Haiti and the Caribbean
Haiti occupies the western third of the island of Hispaniola and has a population of 9.7 million. The former French colony was the first independent black republic in the world. In the Western Hemisphere, Haiti is both the poorest nation and the country with the highest HIV burden. GHESKIO is located in Haiti’s capital and largest city, Port-au-Prince.
In the early 1980s, a group of Haitian clinicians noticed a growing number of patients dying from Kaposi’s sarcoma and unusual opportunistic infections. In 1982, they founded the Haitian Group for the Study of Kaposi’s Sarcoma and Opportunistic Infections (GHESKIO). In 1983, GHESKIO published their experiences in The New England Journal of Medicine, documenting the first cases of AIDS in a developing country. In 1987, GHESKIO was recognized as an official independent non-governmental organization by the Haitian Government. In 2000, the Haitian government designated GHESKIO a “Public Utility,” a status reserved for institutions “essential to the welfare of the Haitian people” such as the Red Cross. For more than twenty years, GHESKIO has served as the Haitian Government’s research and training center for HIV/AIDS, and it is now an internationally recognized center of excellence.
Dr. Jean Pape has been the Director of GHESKIO since its inception, and many of GHESKIO’s staff have been with the center for more than twenty years. Dr. Pape and the Board of Directors work with the Community Advisory Board, the Weill Cornell Medical College and other universities, and the Fondation Rodolphe Mérieux to coordinate the core sections of the center, including the clinics, counseling, pharmacy, laboratory, finance, and administration.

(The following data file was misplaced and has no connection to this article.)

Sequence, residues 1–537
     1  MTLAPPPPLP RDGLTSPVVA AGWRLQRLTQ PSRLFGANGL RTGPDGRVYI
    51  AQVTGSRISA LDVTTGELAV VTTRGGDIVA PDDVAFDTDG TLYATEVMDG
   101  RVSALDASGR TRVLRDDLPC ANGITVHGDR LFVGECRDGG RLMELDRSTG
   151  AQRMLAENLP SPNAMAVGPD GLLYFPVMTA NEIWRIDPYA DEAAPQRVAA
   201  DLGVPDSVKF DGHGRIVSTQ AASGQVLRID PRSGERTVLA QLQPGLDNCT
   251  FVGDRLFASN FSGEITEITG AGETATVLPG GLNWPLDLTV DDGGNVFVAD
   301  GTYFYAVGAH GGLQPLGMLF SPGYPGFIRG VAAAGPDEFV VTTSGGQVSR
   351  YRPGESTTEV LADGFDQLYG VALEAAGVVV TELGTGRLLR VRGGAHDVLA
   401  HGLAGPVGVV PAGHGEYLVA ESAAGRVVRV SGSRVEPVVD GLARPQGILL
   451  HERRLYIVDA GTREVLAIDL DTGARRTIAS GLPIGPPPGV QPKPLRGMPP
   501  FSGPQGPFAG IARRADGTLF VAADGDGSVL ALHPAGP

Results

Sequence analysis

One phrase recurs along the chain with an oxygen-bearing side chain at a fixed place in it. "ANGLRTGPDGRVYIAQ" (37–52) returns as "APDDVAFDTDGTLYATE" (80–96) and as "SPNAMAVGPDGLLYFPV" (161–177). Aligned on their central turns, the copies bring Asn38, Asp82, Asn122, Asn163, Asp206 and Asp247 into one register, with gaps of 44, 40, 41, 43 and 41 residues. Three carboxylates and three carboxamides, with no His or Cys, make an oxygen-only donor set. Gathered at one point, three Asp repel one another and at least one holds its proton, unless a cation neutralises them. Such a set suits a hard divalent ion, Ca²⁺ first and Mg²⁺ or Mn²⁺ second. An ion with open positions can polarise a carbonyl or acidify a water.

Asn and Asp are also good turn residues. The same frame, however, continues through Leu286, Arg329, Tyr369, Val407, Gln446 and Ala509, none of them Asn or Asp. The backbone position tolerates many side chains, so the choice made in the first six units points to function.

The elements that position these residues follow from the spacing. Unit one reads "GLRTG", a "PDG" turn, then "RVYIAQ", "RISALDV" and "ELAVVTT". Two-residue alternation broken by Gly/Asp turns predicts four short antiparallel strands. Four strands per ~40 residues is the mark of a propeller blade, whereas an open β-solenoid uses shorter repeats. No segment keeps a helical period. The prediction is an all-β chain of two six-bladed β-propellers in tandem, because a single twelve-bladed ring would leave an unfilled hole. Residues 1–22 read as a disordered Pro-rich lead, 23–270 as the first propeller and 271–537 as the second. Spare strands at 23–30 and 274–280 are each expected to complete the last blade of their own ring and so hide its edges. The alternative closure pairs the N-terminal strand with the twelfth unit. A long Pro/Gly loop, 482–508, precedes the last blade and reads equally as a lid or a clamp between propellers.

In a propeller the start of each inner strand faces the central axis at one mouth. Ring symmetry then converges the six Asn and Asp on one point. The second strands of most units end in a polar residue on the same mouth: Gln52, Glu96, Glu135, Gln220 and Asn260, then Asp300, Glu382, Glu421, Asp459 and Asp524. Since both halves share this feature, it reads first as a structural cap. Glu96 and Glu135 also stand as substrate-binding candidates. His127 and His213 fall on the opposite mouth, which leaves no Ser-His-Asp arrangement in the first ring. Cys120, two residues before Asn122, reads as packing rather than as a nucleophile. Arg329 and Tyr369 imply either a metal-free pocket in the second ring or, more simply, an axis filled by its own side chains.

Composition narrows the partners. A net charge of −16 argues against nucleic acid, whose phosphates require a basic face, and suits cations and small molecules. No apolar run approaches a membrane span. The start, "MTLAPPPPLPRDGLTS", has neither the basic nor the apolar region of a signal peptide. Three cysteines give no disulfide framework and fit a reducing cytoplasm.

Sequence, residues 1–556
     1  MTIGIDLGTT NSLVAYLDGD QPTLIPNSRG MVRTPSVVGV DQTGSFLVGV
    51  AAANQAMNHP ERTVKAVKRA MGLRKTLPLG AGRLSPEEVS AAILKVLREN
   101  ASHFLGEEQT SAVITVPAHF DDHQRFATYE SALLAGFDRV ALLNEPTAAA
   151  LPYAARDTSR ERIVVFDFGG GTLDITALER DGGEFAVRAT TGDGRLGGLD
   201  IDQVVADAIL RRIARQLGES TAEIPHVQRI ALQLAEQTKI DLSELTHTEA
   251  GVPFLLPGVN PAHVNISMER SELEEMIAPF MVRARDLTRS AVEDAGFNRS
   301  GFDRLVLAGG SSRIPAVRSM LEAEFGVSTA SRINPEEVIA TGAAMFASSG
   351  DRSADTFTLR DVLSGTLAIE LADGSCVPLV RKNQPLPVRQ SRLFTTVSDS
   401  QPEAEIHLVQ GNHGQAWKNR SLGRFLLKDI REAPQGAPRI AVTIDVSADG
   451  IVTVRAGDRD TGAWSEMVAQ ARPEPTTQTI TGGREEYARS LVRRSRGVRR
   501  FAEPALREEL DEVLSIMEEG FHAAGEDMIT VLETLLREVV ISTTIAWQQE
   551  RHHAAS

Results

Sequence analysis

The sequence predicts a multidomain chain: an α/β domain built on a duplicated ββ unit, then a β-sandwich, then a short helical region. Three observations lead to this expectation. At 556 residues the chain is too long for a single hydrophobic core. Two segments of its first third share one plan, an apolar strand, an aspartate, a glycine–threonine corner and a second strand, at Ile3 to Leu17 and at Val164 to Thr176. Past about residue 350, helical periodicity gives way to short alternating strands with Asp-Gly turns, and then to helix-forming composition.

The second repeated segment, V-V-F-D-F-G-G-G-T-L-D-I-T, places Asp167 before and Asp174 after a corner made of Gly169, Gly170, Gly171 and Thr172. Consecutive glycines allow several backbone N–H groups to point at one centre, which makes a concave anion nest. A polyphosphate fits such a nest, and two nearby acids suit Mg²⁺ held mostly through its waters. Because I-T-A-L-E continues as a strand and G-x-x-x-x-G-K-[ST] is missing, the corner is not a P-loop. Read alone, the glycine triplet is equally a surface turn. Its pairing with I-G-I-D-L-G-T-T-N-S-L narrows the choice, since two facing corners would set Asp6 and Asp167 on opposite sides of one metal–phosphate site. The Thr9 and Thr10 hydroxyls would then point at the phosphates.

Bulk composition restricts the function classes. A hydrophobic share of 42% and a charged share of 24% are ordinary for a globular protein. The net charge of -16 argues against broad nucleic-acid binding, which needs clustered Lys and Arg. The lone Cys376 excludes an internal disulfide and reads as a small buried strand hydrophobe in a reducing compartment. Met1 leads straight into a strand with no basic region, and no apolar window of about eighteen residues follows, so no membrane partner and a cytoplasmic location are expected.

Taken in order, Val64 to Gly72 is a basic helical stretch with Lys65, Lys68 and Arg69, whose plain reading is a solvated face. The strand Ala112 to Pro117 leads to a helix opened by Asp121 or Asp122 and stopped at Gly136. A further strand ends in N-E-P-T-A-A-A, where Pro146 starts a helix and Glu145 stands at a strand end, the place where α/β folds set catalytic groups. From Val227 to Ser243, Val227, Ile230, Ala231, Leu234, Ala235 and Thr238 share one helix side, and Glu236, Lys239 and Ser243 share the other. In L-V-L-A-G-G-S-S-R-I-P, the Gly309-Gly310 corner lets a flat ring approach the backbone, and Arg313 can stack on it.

Jean W. Pape, MD is the founding and current Director of GHESKIO and a Professor of Medicine at the Weill Medical College of Cornell University. Dr. Pape graduated from the Weill Medical College of Cornell University in 1975. After the completion of his postdoctoral training in infectious diseases at Cornell, he returned to his native Haiti to study child diarrhea. Dr. Pape noted an increase in adult mortality related to diarrhea and with GHESKIO published the first comprehensive description of AIDS in the developing world in 1983. He has become an international leader in efforts to implement programs for the prevention and control of AIDS and tuberculosis in Haiti and other resource-poor countries, providing counsel to international organizations on bioethics, health disparities, and global infectious disease. He has received numerous international awards for his work. In April 2002, French President Jacques Chirac awarded Dr. Pape the Legion of Honor Award for his “contribution to the improvement of the health of the Haitian people and that of people in the world.” Dr. Pape was elected to the United States National Academy of Sciences Institute of Medicine in June 2003.